What Causes Pain in Eye?
Pain in Eye
A pain in the eye may not be due to eye disease, but could be a sign of a severe headache disorder.
If serious eye disease is present the eye will often look red or inflamed.
The severe headache disorders which can present with eye pain include:
- By far the most common. Usually builds up over a few hours and you want to lie down for a while. Nausea or preference for a dark room is usual.
- This is the classic eye pain that I would see. A brief sudden sharp pain in one eye. Makes you wince or clutch the eye briefly.
Its over in seconds, but a dull ache can persist for a few minutes. (Its old-fashioned name was "ophthalmodynia fugax" which translates to brief pain in eye).
More likely to get ice-pick pains if you are known to have migraine or cluster type headaches
- A nasty, intense, boring pain that builds to an extreme level within a few minutes. The eye waters, and you feel agitated.
You usually want to pace the floor or bang you head off a wall. Usually lasts 30 minutes to a couple of hours.
A cluster phase happens where there a headache like this every day for several weeks, which then goes away.
Paroxysmal Hemicrania Ice-cream Headache or "Brain Freeze"
- S - Sudden
- U - Unilateral (one sided, in this case the eye or area around the eye)
- N - Neuralgiform - a brief sharp intense severe pain in the eye lasting from 5 to 180 seconds
- C - Conjunctival injection, the eye is painful and red during an attack
- T - Tears flow form the affected eye during an attack
- SUNCT is difficult to treat, and may have an underlying problem with the pituitary gland, so required specialist advice.
SUNCT is really rare - headache specialists will only see one or two of these in any year.
Some people do not have reddening of the eye, and get called "SUNA" - Sudden Unilateral Neuralgiform headaches with Autonomic Features.
- Usually this is in the side of the head, but the eyes can also be sore after swallowing something very cold
- The pain of carotid dissection usually happens suddenly, and is often causes pain in eye or around the eye.
The major clue to a dissection, apart from the sudden onset, is that the nerve supply to the eyelid on the side of the headache is disrupted and drops down slightly - called Horners Syndrome.
This usually presents as a sudden or acute headache and does require prompt medical attention for assessment, investigation and treatment.
- This rare headache usually causes a sudden headache and affects the vision (sudden blindness at the onset of a headache). Pain from pituitary disease will cause "pain in eye" or around the eye.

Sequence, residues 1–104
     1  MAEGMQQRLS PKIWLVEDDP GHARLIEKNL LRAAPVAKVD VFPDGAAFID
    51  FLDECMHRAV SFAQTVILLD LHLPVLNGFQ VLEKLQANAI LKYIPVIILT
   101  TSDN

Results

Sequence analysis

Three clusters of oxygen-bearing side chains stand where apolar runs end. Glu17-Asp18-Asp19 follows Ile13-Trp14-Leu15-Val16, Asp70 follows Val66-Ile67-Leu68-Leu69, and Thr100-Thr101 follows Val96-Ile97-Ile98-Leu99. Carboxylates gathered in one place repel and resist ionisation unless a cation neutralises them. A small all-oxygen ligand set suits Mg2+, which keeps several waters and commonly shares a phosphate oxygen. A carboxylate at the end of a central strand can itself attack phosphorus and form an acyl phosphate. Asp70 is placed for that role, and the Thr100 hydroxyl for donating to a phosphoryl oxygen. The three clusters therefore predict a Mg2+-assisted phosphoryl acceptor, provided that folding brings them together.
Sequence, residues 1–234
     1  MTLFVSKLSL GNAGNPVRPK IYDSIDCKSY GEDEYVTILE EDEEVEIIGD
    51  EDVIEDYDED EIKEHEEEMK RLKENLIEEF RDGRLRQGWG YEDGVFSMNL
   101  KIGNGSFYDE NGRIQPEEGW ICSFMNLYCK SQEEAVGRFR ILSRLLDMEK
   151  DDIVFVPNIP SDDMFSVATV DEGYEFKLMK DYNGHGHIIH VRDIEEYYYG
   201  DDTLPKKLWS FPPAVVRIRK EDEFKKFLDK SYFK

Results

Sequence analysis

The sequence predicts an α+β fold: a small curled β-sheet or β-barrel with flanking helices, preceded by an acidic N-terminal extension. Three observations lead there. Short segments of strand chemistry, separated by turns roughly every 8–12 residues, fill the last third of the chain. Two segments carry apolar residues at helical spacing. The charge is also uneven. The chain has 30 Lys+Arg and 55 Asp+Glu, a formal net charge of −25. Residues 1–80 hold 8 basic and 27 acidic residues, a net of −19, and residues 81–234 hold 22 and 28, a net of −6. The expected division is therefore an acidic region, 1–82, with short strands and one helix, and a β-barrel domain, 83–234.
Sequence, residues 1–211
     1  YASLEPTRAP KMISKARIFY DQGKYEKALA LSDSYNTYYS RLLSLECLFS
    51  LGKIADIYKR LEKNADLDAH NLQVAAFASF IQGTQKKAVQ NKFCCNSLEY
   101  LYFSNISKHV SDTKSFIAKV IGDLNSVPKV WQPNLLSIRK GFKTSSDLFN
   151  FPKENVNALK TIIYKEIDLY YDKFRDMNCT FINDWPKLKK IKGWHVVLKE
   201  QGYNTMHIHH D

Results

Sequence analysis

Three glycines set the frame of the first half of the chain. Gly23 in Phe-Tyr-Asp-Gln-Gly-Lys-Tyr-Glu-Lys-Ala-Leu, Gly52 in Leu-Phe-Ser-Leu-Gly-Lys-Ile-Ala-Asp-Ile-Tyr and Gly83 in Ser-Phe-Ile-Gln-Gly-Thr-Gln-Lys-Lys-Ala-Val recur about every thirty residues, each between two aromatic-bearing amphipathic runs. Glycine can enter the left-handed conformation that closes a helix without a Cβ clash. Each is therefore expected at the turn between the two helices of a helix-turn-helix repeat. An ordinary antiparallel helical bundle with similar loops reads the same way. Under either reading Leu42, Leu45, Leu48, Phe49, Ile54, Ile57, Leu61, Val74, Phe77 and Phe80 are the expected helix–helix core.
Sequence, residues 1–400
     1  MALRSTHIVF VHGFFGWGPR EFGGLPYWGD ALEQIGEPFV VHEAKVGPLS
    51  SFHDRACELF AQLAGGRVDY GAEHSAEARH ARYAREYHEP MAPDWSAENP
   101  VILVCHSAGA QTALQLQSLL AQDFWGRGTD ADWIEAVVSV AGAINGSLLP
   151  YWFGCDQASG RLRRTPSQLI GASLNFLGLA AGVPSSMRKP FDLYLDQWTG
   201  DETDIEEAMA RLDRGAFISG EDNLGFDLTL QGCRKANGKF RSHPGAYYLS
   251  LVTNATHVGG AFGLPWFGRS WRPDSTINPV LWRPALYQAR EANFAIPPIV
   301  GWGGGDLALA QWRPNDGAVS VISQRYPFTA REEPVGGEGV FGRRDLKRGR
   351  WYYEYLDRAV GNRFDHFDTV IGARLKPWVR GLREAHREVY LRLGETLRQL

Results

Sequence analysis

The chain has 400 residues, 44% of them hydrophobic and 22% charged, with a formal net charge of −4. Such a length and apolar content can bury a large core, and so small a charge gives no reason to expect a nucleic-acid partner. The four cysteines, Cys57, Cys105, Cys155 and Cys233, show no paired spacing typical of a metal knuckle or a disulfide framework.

Radiologists, who report brain scans, tell me that the pituitary is one of the areas they consciously check when reporting scans in people with headache, as changes in the pituitary region on scans can be subtle.
- Usually trigeminal neuralgia is a severe pain in the cheek or jaw, but a small percentage will experience severe pain in eye instead.
It can sometimes be very difficult to tell the difference between cluster headache, trigeminal neuralgia and SUNCT.
Triggering of pain by touching the face is the classic feature of trigeminal neuralgia. People will usually avoid washing the face, speaking or eating for fear of triggering an attack of severe pain.
- Pain is present just above the eye in most cases, but if severe, the "pain in eye" is reported.
The supra-orbital nerve runs in a small groove through the bone at the inner third of the top of the orbit.
A local anaesthetic injection to freeze the nerve will give rapid, but short-lasting relief if you have this complaint.
Compression of the nerve from prolonged wearing of goggles or a helmet are known causes of Supraorbital Neuralgia
If this looks like most headache disorders, you are almost right. Usually these diagnoses are not difficult. The very short-lasting pain disorders like SUNCT, Cluster Headache or Migraine with autonomic features might cause confusion as reddening of the eye or eye watering can occur, and suggest there is something wrong with the eye (when there is not!).
Eye Disease causes Pain in the Eye!
It goes without saying that there is a long list of diseases of the eye that present with pain (Not all eye diagnoses are as easy as the one in the drawing above).
These are beyond my scope or expertise. However, if there is eye pain, reduced vision, reddening of the eye you should have your eyes examined by a professional optician.
In my experience, eye disease is usually filtered out of my referrals by an optician.
Most people with headache or eye pain will see an optician long before they see a neurologist. Opticians are expert in detecting eye disease. Most General Practitioners will ask you to see an optician first if they suspect eye disease.
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